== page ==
By Josh Baumgard
The New York Knicks are a good team.
Typing those words may have knifed at my insides, urging my fingers to curl up in dismay, but it’s true. The barrage of spit soaked boasting propelled from the colossal mouths of one of the most obnoxious fan bases in sports is validated. For now. (South Florida fans are perfect, obviously.)
At 19-6 they tote a one game lead over the Heat. This includes two decisive victories over their former southern rival. The franchise that hasn’t won a playoff series since May of 2000 – when they coincidentally beat the Zo-led Heat in the Conference Finals – has finally become a formidable presence during the first third of the regular season.
The question is over sustenance, both during the grueling 82-game season and into the playoffs. Do they have the makeup of a team destined for greatness? Are they capable of sending LeBron James’ multiple championship aspirations to a halt?
Several facets of this roster come to mind in deciphering potential answers.
The first and most disturbing is their shooting, where a heavy dose of skepticism lingers. As a unit, they’re attempting a league leading 29.5 threes a night and connecting on 41 percent (3rd in NBA) of them. In the offseason, they added not one player with a career mark above 34 percent to a team that ranked 19th in three point shooting last year.
Three of their top four chuckers are Jason Kidd (47%), Carmelo Anthony(46%), and Raymond Felton (39%). They collectively make up half of their three-point shooting pie while cashing in at an unfathomable 44 percent clip.
Felton and Anthony have career averages of 33 percent while Kidd is a tad better at 35 percent. All are well above their career numbers, and all are seasoned veterans. What gives? Is the rim twice as wide as normal?
Outliers can surely exist over the course of a full season. But as the games tally, and the natural regression to the mean comes into play, it will be highly unlikely any or all three can maintain these absurd percentages. Not impossible, just unlikely.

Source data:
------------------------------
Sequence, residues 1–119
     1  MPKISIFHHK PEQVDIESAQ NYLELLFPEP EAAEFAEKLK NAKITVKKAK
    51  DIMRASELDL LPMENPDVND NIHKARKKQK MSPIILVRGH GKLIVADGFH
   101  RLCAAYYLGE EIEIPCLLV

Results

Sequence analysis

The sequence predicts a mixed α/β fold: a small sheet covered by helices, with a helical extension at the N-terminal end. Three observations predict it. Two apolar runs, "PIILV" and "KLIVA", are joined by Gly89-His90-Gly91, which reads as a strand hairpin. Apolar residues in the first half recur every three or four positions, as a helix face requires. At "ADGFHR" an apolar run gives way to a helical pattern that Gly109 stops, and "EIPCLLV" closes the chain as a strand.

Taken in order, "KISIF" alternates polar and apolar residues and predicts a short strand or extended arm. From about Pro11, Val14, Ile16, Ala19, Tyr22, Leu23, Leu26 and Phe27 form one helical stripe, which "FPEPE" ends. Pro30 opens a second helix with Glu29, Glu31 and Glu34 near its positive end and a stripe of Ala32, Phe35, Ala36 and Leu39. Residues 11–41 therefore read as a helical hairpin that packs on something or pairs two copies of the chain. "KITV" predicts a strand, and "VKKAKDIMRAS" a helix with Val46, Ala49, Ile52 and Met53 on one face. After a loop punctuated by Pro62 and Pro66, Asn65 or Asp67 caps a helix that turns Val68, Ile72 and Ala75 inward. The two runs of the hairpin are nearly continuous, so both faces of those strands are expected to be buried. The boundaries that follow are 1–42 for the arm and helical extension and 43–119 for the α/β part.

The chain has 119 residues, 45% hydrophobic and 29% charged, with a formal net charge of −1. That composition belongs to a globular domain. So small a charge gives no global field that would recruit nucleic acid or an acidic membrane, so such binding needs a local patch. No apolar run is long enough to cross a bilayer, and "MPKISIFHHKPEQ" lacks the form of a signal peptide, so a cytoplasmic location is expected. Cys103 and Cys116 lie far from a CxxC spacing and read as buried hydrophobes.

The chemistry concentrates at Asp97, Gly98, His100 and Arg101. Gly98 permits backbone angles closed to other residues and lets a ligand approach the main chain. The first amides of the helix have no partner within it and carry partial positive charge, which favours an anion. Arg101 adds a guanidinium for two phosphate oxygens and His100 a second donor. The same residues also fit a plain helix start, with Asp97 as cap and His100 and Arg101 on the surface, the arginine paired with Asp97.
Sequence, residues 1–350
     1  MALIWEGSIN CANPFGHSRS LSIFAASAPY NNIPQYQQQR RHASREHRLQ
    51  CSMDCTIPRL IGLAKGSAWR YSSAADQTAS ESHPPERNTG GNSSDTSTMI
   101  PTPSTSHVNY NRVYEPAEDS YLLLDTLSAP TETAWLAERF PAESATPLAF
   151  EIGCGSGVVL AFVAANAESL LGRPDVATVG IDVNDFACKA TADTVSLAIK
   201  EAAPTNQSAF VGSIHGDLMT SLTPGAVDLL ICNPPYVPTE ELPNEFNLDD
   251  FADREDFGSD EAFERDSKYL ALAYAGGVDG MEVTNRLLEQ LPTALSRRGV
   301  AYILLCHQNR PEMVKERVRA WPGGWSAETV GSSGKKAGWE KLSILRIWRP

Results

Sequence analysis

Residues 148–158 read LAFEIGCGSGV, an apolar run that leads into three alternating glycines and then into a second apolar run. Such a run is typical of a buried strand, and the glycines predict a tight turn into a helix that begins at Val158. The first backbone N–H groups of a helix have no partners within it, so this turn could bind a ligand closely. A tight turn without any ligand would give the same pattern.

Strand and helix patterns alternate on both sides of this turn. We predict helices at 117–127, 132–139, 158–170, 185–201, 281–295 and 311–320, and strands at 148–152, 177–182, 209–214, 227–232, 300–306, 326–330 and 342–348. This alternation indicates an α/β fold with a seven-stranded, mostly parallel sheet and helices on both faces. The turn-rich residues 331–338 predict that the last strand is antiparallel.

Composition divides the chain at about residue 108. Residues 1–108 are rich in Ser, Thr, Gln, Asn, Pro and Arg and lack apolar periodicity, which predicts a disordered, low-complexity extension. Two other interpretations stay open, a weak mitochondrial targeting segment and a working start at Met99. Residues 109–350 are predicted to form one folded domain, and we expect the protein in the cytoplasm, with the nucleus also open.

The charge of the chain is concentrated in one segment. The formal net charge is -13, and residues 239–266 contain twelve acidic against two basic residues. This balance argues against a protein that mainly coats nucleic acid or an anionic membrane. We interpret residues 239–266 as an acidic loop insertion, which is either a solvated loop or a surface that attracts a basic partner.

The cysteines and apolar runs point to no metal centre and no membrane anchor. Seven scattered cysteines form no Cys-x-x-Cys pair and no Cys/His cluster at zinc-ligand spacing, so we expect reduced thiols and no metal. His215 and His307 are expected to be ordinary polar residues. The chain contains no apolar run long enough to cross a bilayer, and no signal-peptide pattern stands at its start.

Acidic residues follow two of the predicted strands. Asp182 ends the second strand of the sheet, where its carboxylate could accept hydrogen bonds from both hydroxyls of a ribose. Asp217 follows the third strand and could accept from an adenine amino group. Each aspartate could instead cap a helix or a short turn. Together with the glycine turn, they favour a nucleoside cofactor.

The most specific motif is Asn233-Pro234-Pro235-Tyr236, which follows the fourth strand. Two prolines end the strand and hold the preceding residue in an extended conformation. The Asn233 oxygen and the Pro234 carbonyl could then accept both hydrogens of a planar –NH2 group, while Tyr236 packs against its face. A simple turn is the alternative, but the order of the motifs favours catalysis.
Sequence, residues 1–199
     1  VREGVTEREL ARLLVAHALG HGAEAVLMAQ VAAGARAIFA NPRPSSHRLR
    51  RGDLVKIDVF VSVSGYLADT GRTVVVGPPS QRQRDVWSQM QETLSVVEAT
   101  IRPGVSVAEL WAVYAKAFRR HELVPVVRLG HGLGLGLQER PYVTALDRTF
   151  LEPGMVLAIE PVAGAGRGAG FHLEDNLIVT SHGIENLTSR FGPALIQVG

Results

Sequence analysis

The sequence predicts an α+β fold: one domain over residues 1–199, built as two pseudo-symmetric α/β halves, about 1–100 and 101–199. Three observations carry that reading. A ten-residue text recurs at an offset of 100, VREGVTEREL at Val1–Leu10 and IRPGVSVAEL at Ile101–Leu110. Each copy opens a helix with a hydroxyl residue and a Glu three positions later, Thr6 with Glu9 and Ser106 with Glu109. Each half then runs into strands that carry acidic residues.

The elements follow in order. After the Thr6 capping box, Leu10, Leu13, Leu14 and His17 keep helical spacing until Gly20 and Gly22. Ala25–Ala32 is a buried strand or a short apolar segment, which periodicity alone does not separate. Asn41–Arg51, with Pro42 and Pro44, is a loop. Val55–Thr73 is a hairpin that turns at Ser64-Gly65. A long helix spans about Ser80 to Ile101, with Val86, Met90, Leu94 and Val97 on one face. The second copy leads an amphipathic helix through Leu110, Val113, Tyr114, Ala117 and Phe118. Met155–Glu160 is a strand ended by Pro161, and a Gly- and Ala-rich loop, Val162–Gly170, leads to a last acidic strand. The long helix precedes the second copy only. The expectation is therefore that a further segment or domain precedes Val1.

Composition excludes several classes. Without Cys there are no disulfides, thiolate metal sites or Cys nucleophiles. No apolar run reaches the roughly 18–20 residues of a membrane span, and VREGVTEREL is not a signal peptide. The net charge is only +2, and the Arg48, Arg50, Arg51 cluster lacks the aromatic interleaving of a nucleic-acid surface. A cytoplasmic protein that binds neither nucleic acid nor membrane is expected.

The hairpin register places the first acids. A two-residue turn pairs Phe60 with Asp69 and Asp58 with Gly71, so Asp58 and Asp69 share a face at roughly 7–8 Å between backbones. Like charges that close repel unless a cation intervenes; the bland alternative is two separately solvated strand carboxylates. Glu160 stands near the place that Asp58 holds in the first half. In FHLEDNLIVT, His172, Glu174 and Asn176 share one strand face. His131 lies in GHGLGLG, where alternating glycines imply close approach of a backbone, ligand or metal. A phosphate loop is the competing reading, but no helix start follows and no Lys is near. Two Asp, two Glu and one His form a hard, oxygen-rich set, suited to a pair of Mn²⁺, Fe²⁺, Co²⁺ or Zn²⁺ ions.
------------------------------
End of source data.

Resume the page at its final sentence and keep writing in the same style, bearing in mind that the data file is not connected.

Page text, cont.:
One player on this roster is regarded as a pure shooter for his career.
Steve Novak can shoot the crap out of the ball and there’s nothing to indicate otherwise. But outside of this seemingly translucent role player, can a team so dependent on the long ball survive a deep playoff run tied to a handful of streaky shooters having career years?
Next there is debate over what will happen once two key players return from injury.
The once springy Amare Stoudemire from his Phoenix days would have added another dimension to a Knicks offense lacking multiple self-sufficient scorers. The 30-is-the-new-40 Amare isn’t the same dynamic player of the past. With his defensive calamities and health issues, he’s become a $100-million mistake, an unmovable thorn stuck in their backside for the foreseeable future.
We’re talking about a top-five paid player, who may not even make a positive impact on the roster.
The more intriguing injury is Iman Shumpert, the second-year guard who shredded his knee in game one of the Heat-Knicks series last year. He also happens to be the best perimeter defender on the roster, one who has flashed the rare ability to keep elite playmakers out of the paint. After tearing the very ligament (ACL) that stabilizes his greatest weapon – his elite ability to glide laterally – when and will he return to form?
The concerns outlined before you aren’t even their most daunting issue, something their jarring shooting has masked. They grade out as an average defensive team, allowing 102.5 points per 100 possessions (16th in NBA). An average defensive team clinging heavily to long ball shooting is not a proven recipe for success in the playoffs.
Playoff basketball is a different game, one that heavily emphasizes getting stops and creating offense against locked in defenses. The Knicks’ undoing last year was in part due to their misguided dependency on isolation basketball.
They have unquestionable moved the ball better this year with the addition of Kidd among others. But is Kidd’s understanding of ball movement and spacing really going to drastically improve this offense in the half-court against elite defenses in the playoffs?
Despite their weaknesses and the vicissitudes of outside shooting, this is a team that can win a playoff series or two in the relatively weak Eastern Conference. Winning 50-plus this season is certainly within reach.. But their hopes as a contender will likely fall short.
Could they steal a game or maybe two against the Heat in a series? Unlikely but plausible with a scoring rampage from Melo. But to compete with a Miami roster built around defensive principles and three star players, one of which who is definitively the best in the world, they’re going to need more ammunition and a foundation based on playoff survival.
Miami shoots it well and won the championship last year in large part because of the hot shooting by Shane Battier, Mario Chalmers, and Mike Miller. But they don’t die by it. They ultimate win with defense and a plethora of superstars creating for others offensively.
New York is a second tier team in the NBA hierarchy of contenders. Could they get to the NBA Finals? Yes, but they would need plenty of help from the Basketball Gods.
It’s going to be ultra challenging to contend without stellar defense while shooting a historical number of threes with a slab of career average shooters. Besides that, there’s always the idea of hope.
The Knicks franchise built a deceivingly alluring house this summer. It’s pricey and has an ocean view, but with hurricane season inevitably approaching (NBA playoffs), it’s doubtful the wobbly foundation can survive the wave of storms.